Filed under: Album Reviews
When I was thinking about a name for this blog back in December, I didn’t really labour over the task too heavily. I knew I wanted to reference the first LOTUG album in some way as it holds a special place in my heart, and I also wanted something that sounded good. Whether I achieved the latter or not is down to personal opinion, but I still like it and I enjoy the fact that it hints towards the urban nature of the genre (bricks = buildings, get it?!). What I didn’t really consider was the reference to Jersey (Newark is ‘The Brick City’), and it is only really as a by-product of writing this blog that I have fully realised the significance of ‘Da Bricks’ within the culture as a whole. Redman, Naughty, Artifacts… the list goes on. Of course, I wasn’t unaware of its role in hip hop, but I just hadn’t really thought about it that much and given it the full credit that it deserves.
With this in mind, today’s post focuses on Miilkbone, a Jersey resident whose debut release ‘Da Miilkrate’ seems to get overlooked despite a satisfying combination of beats and rhymes. A Naughty By Nature affiliate, it is no surprise to see Kay Gee popping up on the production credits a number of times, and generally speaking, the beats are solid with a classic mid ’90s flava: big drums and well chosen samples. Mufi is the lead producer on the album, putting together no less than seven of the cuts here, and this surprises me as he is a relatively unknown entity whose only other major production credit is on Queen Latifah’s Grammy winning track ‘U.N.I.T.Y.’. Highlights for me are ‘Keep It Real’ with its jazzy piano sample (the remix is also excellent), ‘Move Wit’ Da Groove’ which has a real ‘party in the summer’ vibe and ‘Check Me Out’ that features some classic sleigh bells and an enjoyably broody soundscape. This is not to say that the production is exceptional as there is some filler here, and I do find myself reaching for the skip button on a number of occasions when listening to the whole album: they’re not awful, but some of the beats lack punch and are easily forgotten.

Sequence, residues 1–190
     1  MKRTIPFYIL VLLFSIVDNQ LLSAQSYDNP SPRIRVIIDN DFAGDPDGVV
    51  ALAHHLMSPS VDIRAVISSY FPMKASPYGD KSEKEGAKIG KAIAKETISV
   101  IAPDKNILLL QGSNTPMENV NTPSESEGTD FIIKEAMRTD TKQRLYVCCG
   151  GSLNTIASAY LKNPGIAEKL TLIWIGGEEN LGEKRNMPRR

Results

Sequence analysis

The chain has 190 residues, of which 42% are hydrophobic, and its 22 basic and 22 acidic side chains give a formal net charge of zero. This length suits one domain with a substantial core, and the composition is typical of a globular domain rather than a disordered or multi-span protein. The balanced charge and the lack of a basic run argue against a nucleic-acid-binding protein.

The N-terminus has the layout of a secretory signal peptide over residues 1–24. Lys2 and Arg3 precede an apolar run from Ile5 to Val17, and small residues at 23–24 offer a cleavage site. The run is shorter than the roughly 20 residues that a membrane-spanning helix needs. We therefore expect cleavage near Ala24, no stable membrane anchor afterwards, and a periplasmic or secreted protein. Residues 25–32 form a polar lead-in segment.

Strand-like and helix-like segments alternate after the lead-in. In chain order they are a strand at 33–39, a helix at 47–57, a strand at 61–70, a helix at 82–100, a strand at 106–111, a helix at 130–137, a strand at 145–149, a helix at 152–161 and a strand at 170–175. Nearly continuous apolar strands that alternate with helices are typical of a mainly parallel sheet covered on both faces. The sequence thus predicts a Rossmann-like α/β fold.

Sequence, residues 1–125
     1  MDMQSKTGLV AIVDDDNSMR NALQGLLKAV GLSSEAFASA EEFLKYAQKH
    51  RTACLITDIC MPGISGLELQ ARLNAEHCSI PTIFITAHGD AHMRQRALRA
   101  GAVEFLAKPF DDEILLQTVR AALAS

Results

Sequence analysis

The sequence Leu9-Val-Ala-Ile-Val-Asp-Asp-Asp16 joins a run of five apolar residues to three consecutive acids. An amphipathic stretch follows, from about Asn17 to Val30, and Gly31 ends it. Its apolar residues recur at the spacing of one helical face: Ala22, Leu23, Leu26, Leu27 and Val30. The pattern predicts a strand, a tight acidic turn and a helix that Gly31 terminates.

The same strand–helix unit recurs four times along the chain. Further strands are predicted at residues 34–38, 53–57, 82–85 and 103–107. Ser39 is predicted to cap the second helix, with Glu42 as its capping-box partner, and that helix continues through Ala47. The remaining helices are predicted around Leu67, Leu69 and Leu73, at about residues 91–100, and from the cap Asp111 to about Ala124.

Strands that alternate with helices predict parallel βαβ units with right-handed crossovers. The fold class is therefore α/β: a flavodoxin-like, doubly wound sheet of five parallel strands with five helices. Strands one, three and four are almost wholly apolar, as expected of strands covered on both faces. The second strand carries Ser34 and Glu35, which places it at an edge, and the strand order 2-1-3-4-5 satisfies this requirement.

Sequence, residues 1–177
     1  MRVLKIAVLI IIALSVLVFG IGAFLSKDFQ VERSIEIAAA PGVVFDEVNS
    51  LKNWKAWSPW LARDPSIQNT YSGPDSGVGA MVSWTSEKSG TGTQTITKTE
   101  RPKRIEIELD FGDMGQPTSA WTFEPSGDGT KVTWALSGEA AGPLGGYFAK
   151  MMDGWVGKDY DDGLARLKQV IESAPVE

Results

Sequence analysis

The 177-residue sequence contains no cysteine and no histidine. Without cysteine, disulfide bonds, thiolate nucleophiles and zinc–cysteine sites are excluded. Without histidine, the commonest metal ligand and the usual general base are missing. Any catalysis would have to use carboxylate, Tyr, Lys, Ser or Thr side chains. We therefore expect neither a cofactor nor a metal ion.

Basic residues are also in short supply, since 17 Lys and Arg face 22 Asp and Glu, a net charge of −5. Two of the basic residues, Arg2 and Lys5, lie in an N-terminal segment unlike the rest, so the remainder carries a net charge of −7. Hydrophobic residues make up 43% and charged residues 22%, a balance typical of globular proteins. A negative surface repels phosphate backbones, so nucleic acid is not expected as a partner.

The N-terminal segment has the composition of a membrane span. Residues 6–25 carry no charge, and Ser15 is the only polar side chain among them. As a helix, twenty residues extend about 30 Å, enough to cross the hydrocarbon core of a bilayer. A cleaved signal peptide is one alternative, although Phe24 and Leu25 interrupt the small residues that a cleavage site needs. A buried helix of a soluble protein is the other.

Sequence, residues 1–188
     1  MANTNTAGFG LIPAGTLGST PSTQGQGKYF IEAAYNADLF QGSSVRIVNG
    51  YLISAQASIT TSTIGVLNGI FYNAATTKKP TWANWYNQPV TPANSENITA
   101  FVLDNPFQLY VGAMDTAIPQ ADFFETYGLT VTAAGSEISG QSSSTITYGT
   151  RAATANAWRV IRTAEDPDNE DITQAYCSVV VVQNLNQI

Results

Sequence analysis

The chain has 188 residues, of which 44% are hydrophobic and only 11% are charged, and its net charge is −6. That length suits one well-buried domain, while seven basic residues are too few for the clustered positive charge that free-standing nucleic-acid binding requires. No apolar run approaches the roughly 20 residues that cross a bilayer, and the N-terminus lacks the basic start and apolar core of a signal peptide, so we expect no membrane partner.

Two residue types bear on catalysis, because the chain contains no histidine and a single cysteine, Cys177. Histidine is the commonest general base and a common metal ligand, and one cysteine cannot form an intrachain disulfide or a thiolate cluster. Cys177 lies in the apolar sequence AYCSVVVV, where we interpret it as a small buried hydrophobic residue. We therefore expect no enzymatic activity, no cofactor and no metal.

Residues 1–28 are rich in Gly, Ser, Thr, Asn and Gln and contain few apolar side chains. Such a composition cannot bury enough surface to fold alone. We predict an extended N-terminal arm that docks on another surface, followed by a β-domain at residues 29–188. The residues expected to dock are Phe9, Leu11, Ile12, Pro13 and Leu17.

Miilkbone can handle his business on the mic, with a flow reminiscent of his Naughty By Nature affiliates but without the finesse that make Treach and Vinnie so engaging. The lyrical content essentially falls back on the staple diet of boasts, brags and parties, but he carries the style off well enough over the course of the album. What really grates for me is his relatively consistent reference to the colour of his skin, and many of the skits revolve around the idea of his rejection of the ‘traditional roles of the white male’ as a result of growing up ‘next to the projects… with just flat out hoods’. If Miilk was so keen to prove that the colour of his skin was irrelevant to his music, then why the hell did he choose to bang on about it all the time? The irritatingly simplistic vision that he puts forward with regards to notions of race and identity in hip hop end up coming off as superficial at best, and at their worst, highly ignorant. Perhaps this is overly harsh given that this was released in ’96 when issues of colour in relation to hip hop had not been addressed in the same depth that they have been in more recent times, but there is no doubt that these overly earnest ‘justifications’ of his place within the genre feel heavily played out over the album in its entirety.
However, putting this issue to one side is worthwhile, as ‘Da Miilkrate’ is a solid release that contains enough highlights to keep the majority of heads happy. Don’t expect to be blown away, but in places this will have your head nodding and feet tapping: show Jersey some props and hit the link.